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Hi everyone,

I'm a relative beginner to writing UNIX scripts. In the past, I've been able to hack together simple scripts. Now I need a script which a little more complex than I'm used to, and I really need help. I'm up against a tight deadline and am growing desperate, as I can't seem to find a solution either on the web nor in my UNIX programming book.

Here's the problem: I'm on a SunOS system. On the machine, I have a large number of files scattered across a vast directory structure. I have to copy all those target files into my home directory. Luckily, the directory structure is well-organized. It looks like this:

/root/projects/*ARCHIVE*/date/*SUBARCHIVE*/output/*SUBSUBARCHIVE*/The_Files_I_Need

The directories in lowercase have constant names - I don't have to worry about them ever changing. But the directories I've named with *ALLCAPS* do change names. Think of them as wild cards.

Put another way: If I wanted to exhaustively list every directory, the top tier would looks like this:

/root/projects/PROJECT01/
/root/projects/PROJECT02/
/root/projects/PROJECT03/
/root/projects/PROJECT04/
...
/root/projects/PROJECT20/

The next tier would look like this:

/root/projects/PROJECT01/date/JAN2000/
/root/projects/PROJECT01/date/FEB2000/
/root/projects/PROJECT01/date/MAR2000/
...
/root/projects/PROJECT01/date/MAY2010/
/root/projects/PROJECT02/date/JAN1995/
...
/root/projects/PROJECT20/date/DEC2005/

And the next tier would look like this:

/root/projects/PROJECT01/date/JAN2000/output/SAMPLE0001/
/root/projects/PROJECT01/date/JAN2000/output/SAMPLE0002/
/root/projects/PROJECT01/date/JAN2000/output/SAMPLE0003/
...
/root/projects/PROJECT01/date/JAN2000/output/SAMPLE1328/
...
/root/projects/PROJECT20/date/DEC1995/output/SAMPLE483822/

And so on. The target files I ultimately need to read are in those final directories.

/root/projects/PROJECT01/date/JAN2000/output/SAMPLE0001/TARGET_102932
/root/projects/PROJECT01/date/JAN2000/output/SAMPLE0001/TARGET_32323
/root/projects/PROJECT01/date/JAN2000/output/SAMPLE0001/TARGET_32999293
...

There are literally thousands of these target files, all with dynamic names.

So the problem I'm having is I can't just do a "cp /root/projects/*/date/*/output/*/*" because the pathnames become too long. I can't hardwire the directory names I don't know because there's obviously too many of them. I've been experimenting with code, but my results have been frankly pitiful. I'm sure there's some way of doing this as a loop-within-a-loop-within-a-loop... but I can't figure out how to do it.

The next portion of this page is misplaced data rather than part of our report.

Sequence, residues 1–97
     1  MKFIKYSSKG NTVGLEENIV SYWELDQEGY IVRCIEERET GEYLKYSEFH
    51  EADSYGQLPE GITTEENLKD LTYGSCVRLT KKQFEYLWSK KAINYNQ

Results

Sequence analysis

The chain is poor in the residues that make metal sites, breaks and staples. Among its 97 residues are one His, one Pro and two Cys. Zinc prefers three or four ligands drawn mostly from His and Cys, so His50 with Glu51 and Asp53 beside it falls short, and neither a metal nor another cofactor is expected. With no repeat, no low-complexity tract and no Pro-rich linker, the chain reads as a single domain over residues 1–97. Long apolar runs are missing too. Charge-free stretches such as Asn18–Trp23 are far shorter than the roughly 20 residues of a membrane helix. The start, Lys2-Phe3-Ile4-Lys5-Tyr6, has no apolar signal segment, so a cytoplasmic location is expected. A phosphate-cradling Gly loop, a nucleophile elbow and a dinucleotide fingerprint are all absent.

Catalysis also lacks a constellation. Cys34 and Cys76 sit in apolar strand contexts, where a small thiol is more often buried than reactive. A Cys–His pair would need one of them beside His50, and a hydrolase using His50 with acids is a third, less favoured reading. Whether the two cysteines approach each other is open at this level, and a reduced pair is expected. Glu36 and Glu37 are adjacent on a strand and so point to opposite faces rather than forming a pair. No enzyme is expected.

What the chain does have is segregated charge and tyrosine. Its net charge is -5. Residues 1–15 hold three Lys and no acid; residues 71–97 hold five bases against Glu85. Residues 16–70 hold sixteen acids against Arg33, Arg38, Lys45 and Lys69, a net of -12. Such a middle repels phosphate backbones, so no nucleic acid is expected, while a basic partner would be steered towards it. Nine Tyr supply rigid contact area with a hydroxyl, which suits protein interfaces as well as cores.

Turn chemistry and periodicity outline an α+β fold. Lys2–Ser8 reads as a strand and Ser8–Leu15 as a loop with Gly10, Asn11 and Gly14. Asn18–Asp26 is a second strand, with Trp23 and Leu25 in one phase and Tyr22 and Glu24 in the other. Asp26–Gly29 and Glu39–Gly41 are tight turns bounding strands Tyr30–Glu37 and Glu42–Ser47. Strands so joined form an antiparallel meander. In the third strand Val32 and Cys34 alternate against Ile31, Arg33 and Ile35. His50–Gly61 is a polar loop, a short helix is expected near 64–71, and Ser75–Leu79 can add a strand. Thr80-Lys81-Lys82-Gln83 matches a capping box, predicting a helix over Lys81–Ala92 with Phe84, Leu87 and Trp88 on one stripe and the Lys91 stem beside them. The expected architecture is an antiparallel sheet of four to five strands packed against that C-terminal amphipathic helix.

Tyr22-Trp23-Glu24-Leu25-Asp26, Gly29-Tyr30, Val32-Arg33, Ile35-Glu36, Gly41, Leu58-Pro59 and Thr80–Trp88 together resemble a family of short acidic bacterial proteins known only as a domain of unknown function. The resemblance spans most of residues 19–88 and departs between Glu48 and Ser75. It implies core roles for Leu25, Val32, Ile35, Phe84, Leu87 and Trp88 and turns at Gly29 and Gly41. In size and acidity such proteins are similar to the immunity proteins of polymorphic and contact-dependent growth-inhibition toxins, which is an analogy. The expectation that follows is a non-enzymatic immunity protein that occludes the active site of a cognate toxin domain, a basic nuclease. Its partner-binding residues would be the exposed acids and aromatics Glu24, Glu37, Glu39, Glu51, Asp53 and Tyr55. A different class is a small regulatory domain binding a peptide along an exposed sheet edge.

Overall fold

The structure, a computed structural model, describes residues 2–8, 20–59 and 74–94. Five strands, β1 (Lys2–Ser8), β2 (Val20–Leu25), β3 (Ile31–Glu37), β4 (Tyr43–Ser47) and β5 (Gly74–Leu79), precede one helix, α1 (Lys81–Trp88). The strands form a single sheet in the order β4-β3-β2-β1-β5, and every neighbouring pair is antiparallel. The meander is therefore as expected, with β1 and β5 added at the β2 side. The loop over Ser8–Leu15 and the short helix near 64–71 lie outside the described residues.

Here's the quasi-code I've been trying to get to work:

==============================================================================

#!/bin/bash

# create tmp directory into which I'll copy the files
mkdir ${HOME}/TMP


# jump into first common directory, start to drill down
cd /root/projects
for i in PROJECT01 PROJECT02 PROJECT03 (...) PROJECT20
do
  cd $i/date
  ls > SUBARCHIVE_LIST              #how to dynamically store the *SUBARCHIVE* values?
  for j in SUBARCHIVE_LIST
    do
      cd $j/output
      ls > SUBSUBARCHIVE_LIST       #same problem here!
      for k in SUBSUBARCHIVE_LIST
        do
          cd $k
          cp * ${HOME}/TMP          #here I copy the files
        done
    done
done

==============================================================================

Can anyone help? I hope so! I'm hoping this is a relatively easy problem for you experienced folks.


PS - sorry for the very long text; I try to be precise

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7 Years
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Last Post by phummon
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Break it into steps

1. Find files

cd /root/projects
find PROJECT* -type f > $HOME/allProjectFiles.txt

Gets you something like this

$ cat $HOME/allProjectFiles.txt
/root/projects/PROJECT01/date/JAN2000/output/SAMPLE0001/TARGET_102932
/root/projects/PROJECT02/date/JAN2001/output/SAMPLE0002/TARGET_32323
/root/projects/PROJECT03/date/JAN2001/output/SAMPLE0003/TARGET_32999293

2. Extract ones of interest $ awk -F'/' '$6 ~ /JAN2001/' $HOME/allProjectFiles.txt > $HOME/selectedProjectFiles.txt Now you can make the condition in red as complicated as you want.
You can match literal strings, or regular expressions. $2 == "PROJECT01" && $6 ~ /JAN200[0-4]/ being the PROJECT01 files for January for the first half of the decade.

3. Copy files $ cat $HOME/selectedProjectFiles.txt | while read line ; do echo cp $line ${HOME}/TMP ; done When you're happy that the printout of copy commands looks good, just delete the echo and it will actually do the copying.

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Outstanding! Thank you so much, this is exactly what I hoped for! :)

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